New Conductors Speed Global Flows of Money

Eugene Bandoy, a Filipino architect in London, pays a small fee for Gen Ashley, of Twilight Express remittance company, to send cash home quickly to his niece via a Philippine phone company.
Eugene Bandoy, a Filipino architect in London, pays a small fee for Gen Ashley, of Twilight Express remittance company, to send cash home quickly to his niece via a Philippine phone company. (Photos By Mary Jordan -- The Washington Post)

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By Mary Jordan
Washington Post Foreign Service
Tuesday, October 3, 2006

MANILA -- It was 10:33 p.m. when Dulce Amor Bandoy's cellphone beeped with her favorite kind of message.

"You have received 1,321.00 of G-Cash," read the text on her phone's glowing screen.

That meant her uncle in London had just deposited 1,321 Philippine pesos -- about $26 -- into her Globe Telecom cellphone account, which Bandoy uses like a bank. "My phone is now my wallet," said Bandoy, 29, a cheerful woman with a sparkling smile.

The cellphone-based system that conveys cash between Bandoy and her uncle has the potential to revolutionize the way hundreds of billions of dollars are moved around the world, according to experts who study global cash flows.

Cash that relatives working abroad send home is not only vital support for millions of families but a cornerstone of national economies from Mexico to Lesotho. The World Bank estimates that global remittances last year topped a quarter of a trillion dollars, with $13 billion flowing into the Philippines alone.

But traditional methods of moving money in small, personal amounts can be slow and costly. Western Union, the world's largest money-transfer business, would charge $22 in fees on a $26 transfer from London to Manila. Banks also demand substantial fees and often take two or three days to complete a transfer.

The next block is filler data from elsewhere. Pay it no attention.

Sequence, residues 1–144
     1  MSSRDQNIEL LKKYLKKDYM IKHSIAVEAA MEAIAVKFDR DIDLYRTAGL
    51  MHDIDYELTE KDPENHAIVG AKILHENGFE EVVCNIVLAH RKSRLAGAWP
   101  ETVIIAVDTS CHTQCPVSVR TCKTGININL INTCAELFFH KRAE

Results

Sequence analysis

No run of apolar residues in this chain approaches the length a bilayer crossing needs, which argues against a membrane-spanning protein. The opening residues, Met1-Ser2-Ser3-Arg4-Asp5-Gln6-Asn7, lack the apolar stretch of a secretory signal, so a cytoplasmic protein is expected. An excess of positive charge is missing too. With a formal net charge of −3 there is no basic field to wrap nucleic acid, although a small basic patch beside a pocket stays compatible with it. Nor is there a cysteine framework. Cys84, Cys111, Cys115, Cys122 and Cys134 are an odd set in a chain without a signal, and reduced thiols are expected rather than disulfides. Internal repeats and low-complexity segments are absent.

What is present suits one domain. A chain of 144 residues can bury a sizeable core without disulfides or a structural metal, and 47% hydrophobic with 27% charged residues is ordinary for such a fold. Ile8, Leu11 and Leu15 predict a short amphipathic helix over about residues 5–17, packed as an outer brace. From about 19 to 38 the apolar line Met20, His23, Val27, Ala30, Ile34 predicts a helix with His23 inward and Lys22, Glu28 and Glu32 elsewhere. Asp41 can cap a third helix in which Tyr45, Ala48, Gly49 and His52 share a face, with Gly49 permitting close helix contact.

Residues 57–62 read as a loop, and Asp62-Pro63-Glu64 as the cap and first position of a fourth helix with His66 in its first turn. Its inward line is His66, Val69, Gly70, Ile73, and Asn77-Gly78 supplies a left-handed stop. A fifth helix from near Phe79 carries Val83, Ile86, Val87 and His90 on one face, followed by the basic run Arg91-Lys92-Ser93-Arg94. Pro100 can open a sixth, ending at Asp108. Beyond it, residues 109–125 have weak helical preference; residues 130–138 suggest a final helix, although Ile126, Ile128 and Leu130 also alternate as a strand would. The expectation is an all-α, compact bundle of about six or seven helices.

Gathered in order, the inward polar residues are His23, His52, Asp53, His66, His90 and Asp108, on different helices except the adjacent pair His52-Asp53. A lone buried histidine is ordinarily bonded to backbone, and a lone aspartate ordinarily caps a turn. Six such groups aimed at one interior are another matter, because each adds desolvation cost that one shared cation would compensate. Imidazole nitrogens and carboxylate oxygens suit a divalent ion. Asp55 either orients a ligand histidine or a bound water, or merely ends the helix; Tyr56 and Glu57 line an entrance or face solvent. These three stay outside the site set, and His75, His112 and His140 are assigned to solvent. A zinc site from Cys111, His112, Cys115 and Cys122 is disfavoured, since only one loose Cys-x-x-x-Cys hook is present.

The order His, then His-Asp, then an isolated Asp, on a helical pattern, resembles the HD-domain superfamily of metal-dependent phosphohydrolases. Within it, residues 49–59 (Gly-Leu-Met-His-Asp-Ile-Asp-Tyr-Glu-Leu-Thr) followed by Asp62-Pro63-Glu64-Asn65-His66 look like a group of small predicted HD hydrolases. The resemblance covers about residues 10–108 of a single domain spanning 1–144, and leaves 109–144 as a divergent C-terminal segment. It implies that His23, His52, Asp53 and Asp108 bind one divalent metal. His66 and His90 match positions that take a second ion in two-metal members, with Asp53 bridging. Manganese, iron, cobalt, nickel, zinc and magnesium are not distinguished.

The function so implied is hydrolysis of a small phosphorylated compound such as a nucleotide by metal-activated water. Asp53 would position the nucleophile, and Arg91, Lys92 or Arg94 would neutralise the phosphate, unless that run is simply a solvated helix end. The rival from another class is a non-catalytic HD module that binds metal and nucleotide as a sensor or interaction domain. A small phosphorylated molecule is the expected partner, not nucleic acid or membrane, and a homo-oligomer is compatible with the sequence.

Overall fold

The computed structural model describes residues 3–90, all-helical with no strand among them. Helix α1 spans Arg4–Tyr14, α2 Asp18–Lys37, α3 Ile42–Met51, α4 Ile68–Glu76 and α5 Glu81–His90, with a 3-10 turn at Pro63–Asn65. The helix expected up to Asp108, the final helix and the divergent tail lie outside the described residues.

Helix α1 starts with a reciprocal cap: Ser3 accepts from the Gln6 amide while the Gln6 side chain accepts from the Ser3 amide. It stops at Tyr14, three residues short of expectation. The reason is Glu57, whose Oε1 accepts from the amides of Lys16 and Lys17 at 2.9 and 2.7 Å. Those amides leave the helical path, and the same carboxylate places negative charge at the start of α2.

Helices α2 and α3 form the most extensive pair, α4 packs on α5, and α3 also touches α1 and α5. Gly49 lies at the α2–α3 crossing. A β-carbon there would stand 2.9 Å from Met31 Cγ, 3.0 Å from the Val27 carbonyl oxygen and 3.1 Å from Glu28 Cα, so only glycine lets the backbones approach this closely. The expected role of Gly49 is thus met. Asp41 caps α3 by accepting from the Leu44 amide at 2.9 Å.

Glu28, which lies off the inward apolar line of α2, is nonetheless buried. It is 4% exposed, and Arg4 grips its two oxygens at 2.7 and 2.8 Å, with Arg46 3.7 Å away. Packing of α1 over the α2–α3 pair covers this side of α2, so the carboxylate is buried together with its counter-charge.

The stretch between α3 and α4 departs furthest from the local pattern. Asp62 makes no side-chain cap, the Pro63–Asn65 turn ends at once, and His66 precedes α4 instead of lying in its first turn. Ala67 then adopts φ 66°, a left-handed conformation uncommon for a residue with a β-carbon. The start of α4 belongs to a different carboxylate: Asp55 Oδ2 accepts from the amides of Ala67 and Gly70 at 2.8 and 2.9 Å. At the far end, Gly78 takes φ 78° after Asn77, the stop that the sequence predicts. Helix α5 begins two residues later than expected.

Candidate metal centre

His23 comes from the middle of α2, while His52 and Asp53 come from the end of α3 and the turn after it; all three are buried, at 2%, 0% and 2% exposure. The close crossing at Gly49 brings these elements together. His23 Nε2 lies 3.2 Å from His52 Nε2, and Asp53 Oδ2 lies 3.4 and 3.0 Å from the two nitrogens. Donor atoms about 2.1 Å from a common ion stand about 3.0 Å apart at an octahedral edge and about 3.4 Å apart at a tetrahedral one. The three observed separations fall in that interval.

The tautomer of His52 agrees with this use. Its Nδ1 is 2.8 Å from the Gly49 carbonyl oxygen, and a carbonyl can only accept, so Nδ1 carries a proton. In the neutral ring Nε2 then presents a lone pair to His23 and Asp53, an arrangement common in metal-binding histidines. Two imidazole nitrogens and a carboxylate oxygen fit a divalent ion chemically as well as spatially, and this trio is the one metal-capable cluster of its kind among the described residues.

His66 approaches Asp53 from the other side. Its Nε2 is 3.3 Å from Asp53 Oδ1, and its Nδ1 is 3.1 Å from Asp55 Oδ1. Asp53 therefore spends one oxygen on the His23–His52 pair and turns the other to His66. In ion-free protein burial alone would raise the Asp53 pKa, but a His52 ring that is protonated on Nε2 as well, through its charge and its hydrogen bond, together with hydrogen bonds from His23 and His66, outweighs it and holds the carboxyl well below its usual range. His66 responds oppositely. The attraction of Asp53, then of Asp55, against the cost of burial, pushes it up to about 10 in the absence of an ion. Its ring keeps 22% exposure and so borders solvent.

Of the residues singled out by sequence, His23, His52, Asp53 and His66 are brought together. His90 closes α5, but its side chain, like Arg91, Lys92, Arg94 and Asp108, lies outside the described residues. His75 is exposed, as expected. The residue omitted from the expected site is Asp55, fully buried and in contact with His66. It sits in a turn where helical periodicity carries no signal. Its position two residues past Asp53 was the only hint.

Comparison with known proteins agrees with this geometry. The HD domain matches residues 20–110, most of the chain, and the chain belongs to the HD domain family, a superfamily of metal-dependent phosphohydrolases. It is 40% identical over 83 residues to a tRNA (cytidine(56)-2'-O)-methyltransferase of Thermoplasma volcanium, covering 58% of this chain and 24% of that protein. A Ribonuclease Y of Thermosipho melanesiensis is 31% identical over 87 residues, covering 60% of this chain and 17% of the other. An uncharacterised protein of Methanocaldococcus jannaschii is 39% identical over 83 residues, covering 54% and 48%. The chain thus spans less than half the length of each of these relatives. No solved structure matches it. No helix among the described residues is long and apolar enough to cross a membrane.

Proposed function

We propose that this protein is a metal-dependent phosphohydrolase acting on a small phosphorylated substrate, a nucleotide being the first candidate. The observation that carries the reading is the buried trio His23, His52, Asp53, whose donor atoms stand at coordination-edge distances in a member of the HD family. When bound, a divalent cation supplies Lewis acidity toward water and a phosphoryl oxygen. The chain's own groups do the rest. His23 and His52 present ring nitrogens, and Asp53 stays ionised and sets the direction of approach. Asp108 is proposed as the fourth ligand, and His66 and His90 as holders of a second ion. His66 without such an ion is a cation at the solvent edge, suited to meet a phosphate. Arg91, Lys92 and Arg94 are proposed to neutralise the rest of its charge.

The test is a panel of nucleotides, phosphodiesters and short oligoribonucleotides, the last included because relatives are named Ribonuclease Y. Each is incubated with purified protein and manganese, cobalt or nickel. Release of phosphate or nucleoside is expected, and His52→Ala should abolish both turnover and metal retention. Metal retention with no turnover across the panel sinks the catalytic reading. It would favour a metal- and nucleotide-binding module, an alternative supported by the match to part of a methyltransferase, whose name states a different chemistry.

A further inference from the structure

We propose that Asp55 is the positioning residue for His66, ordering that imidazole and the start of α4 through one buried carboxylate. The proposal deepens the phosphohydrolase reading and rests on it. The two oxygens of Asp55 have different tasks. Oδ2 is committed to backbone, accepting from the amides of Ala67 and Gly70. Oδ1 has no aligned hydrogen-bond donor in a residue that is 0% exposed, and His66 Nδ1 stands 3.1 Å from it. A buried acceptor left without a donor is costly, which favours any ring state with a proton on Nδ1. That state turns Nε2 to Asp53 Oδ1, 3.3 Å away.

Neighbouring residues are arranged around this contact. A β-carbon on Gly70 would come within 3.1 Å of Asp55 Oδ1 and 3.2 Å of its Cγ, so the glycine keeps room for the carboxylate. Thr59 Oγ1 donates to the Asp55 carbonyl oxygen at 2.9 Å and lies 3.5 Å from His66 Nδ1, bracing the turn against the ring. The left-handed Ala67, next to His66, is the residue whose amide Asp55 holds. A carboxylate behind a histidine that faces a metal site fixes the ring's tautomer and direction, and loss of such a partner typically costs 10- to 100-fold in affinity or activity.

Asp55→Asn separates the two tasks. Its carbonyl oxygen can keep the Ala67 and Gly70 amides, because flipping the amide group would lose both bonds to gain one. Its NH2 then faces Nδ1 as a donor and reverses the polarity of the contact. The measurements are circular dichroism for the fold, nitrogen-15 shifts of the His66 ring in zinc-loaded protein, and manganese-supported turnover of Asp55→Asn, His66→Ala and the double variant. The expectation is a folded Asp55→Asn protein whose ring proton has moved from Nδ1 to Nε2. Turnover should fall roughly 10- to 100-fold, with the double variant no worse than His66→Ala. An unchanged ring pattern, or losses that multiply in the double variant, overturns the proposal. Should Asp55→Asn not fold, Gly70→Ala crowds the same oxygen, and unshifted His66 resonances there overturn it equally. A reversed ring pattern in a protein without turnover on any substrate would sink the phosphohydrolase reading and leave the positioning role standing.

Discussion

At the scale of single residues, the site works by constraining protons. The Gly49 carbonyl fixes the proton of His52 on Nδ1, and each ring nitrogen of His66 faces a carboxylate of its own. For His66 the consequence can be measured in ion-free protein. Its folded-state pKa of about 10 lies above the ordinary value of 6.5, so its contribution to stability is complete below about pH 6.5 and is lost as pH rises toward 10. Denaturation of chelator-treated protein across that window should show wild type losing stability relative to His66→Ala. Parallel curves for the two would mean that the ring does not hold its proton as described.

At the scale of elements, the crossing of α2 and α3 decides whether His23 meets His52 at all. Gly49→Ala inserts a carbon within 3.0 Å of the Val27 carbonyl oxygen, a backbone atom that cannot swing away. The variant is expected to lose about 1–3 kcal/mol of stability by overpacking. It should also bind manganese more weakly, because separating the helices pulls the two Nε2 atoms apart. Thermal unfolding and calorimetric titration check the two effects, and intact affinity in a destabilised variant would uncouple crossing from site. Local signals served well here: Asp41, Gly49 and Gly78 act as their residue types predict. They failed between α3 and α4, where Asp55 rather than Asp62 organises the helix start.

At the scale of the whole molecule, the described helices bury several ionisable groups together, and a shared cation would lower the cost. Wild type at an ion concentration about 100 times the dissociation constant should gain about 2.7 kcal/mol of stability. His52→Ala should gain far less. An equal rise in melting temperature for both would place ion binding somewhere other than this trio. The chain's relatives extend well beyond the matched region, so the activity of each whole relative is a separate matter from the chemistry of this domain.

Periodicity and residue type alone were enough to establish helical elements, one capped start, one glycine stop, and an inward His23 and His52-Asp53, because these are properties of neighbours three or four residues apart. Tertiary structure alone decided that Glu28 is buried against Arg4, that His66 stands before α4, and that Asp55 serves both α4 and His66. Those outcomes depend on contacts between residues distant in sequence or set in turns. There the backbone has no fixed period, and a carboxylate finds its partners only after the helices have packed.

With cellphone use booming across the developing world, from the open deserts of Africa to Bandoy's densely populated neighborhood in sultry Manila, handsets that cost as little as $30 are enabling struggling nations to leapfrog past the need for land-line phones and ATMs.

The money transfer to the four-inch gold Nokia in Bandoy's hip pocket is a glimpse of the future, said Dilip Ratha, an economist and remittance expert with the World Bank in Washington. "I really think this is the way forward," he said. "In three years I would expect to see this all over the world."

Eugene Bandoy, 50, is a Filipino architect who lives in London and helps other expatriates buy property back home. When potential buyers want to take a look at condominiums or houses in the Philippines, his niece shows them around. He sends her cash to cover her expenses. But that can be frustrating and expensive, because the fees for wiring small sums can nearly equal the amount being sent.

So in November, when Bandoy heard at a Filipino community event that he could send up to $200 through his cellphone for as little as $7, he eagerly signed up.

"It's not just cheaper for me," he said, wearing a whimsical tie covered with drawings of Volkswagen bugs and a white cap spun from Scottish cashmere. "It's more convenient for Dulce -- she can pick up the money at a shopping mall late at night long after banks are closed." She could also use any of 1,500 other locations, including department stores and licensed pawnshops.

Last month, Bandoy needed his niece to go to Quezon City, just outside Manila, to show a condominium to a woman who works in London but was home on vacation and interested in buying. But Dulce, like so many people struggling to get by in this country of almost 90 million people, said she didn't have the $1 for a bus or train ride to meet the client.

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